Belmont Club

The White Swan

The Associated Press says that the European Central Bank is considering the purchase of Italian government bonds to help that country get lower rates on the market. The Italian crisis, together with the US credit downgrade, has raised the possibility that stocks will continue to fall when the exchanges, according to the Telegraph. “The hope is that central bankers and world leaders can agree co-ordinated action to avert a new global financial crisis before trading begins in Asia.”

But Der Spiegel, a German news magazine, said it was doubtful that Italy could be rescued. At 1.8 trillion Euros in size, the Italian debt was simply beyond the ability of the current system to protect. Meanwhile David Axelrod, a former White House political adviser, claimed that S&P’s downgrade was based on poor math. It was a nod, he said, to political pressure. “The fact of the matter is that this is essentially a Tea Party downgrade,” he declared. “That clearly is on the backs of those who were willing to see the country default.”

Paul Ryan on the other hand, said the administration was derelict — and still derelict — in its handling of the debt problem. “The president’s February budget deliberately dodged the tough choices necessary to confront the threat of runaway federal spending. It was rejected unanimously in a Senate controlled by his own party.”

The math is scary, yet simple: In the years ahead, spending on programs such as Medicare, Medicaid and the Democrats’ new health-care entitlements is projected to skyrocket relative to the size of the economy, even as federal spending on everything else is projected to decline (see the nearby chart). …

The CBO’s latest Long-Term Outlook in June estimated that total tax revenues would have to double by mid-century in order to finance our current spending path. Health-care costs rose about 8% in 2011 and are projected to rise by 8.5% in 2012. At this rate, taxes would have to rise again and again just to keep up with health-care spending. Is it any wonder that the president and his party are afraid to produce a budget that requires such ruinous levels of taxation? …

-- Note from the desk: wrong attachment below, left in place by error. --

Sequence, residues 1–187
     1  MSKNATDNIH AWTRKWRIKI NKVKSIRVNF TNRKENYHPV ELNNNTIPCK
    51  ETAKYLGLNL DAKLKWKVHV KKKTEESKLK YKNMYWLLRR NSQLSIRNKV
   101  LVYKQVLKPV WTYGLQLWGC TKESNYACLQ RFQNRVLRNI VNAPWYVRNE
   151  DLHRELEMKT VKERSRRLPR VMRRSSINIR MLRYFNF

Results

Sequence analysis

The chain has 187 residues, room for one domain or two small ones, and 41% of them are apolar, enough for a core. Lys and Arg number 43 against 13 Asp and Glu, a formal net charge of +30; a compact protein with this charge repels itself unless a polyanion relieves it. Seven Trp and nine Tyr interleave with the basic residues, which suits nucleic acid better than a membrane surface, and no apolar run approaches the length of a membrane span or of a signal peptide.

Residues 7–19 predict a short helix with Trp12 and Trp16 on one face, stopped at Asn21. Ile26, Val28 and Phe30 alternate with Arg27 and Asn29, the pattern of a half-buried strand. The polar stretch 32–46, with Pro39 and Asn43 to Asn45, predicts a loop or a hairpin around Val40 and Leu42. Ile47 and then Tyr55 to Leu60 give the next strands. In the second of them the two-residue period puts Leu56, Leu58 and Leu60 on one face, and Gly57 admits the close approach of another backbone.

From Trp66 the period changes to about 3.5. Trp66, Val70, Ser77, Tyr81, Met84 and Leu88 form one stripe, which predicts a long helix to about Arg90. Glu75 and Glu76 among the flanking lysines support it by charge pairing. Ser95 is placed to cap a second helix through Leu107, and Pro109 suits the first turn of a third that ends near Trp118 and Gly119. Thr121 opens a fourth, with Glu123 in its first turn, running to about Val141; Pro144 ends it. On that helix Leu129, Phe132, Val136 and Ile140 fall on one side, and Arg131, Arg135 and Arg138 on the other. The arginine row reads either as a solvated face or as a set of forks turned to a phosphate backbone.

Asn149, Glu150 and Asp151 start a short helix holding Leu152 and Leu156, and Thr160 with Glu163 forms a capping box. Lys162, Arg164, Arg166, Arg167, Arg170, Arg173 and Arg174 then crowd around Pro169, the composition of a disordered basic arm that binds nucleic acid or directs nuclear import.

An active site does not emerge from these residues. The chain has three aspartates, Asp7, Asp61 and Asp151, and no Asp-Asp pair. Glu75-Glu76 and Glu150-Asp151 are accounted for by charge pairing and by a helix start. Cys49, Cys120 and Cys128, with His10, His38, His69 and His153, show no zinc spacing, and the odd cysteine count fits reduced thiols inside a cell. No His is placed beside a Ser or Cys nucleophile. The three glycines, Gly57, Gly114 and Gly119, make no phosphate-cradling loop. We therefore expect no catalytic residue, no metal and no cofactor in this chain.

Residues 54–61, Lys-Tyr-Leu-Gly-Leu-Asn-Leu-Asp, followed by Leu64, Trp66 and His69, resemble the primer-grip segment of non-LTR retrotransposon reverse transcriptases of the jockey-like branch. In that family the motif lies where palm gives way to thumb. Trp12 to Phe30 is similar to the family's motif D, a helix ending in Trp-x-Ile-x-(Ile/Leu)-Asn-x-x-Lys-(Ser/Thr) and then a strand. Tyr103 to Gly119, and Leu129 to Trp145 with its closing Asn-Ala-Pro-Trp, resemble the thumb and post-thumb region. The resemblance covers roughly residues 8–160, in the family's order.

Even the president seems to understand that the status quo of these programs is unsustainable. As he put it during a press conference on July 11, “If you look at the numbers, then Medicare in particular will run out of money, and we will not be able to sustain that program no matter how much taxes go up.”

Unbendable Curves

Shortly after the 2008 financial crisis the Telegraph wrote an article on Naseem Taleb and his concept of the Black Swan.  But he described another kind of bird in his menagerie of contingencies, the disaster in plain sight. The White Swan. Taleb argued that policy makers lived in a world imprisoned by their own conventional wisdom. It was:

a fantasy world in which the future can be controlled by sophisticated mathematical models and elaborate risk-management systems. Bankers and economists scorned and raged at Taleb. He didn’t understand, they said. A few months later, the full global implications of the sub-prime-driven credit crunch became clear. The world banking system still teeters on the edge of meltdown. Taleb had been vindicated. “It was my greatest vindication. But to me that wasn’t a black swan; it was a white swan. I knew it would happen and I said so. It was a black swan to Ben Bernanke [the chairman of the Federal Reserve]. I wouldn’t use him to drive my car. These guys are dangerous. They’re not qualified in their own field.”

Like Europe the US seems locked into a course which inertia cannot change and yet which ultimately will lead to ruin. In the history of politics the choice has often been between rationality and ruin. Alas, ruin usually wins.